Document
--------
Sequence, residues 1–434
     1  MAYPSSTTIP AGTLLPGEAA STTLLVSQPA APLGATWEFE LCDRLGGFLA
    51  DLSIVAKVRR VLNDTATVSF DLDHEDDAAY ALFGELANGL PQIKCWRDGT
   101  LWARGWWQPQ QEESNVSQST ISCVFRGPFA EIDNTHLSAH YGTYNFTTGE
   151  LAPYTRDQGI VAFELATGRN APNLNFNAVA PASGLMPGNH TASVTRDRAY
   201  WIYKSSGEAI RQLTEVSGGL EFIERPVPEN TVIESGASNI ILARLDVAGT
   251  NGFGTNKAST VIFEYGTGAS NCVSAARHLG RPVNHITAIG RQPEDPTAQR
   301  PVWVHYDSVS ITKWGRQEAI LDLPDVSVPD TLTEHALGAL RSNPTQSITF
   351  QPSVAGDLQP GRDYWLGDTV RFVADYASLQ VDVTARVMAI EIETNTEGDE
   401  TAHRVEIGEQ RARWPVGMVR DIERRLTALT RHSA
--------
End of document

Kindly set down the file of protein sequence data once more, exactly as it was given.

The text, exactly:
Sequence, residues 1–434
     1  MAYPSSTTIP AGTLLPGEAA STTLLVSQPA APLGATWEFE LCDRLGGFLA
    51  DLSIVAKVRR VLNDTATVSF DLDHEDDAAY ALFGELANGL PQIKCWRDGT
   101  LWARGWWQPQ QEESNVSQST ISCVFRGPFA EIDNTHLSAH YGTYNFTTGE
   151  LAPYTRDQGI VAFELATGRN APNLNFNAVA PASGLMPGNH TASVTRDRAY
   201  WIYKSSGEAI RQLTEVSGGL EFIERPVPEN TVIESGASNI ILARLDVAGT
   251  NGFGTNKAST VIFEYGTGAS NCVSAARHLG RPVNHITAIG RQPEDPTAQR
   301  PVWVHYDSVS ITKWGRQEAI LDLPDVSVPD TLTEHALGAL RSNPTQSITF
   351  QPSVAGDLQP GRDYWLGDTV RFVADYASLQ VDVTARVMAI EIETNTEGDE
   401  TAHRVEIGEQ RARWPVGMVR DIERRLTALT RHSA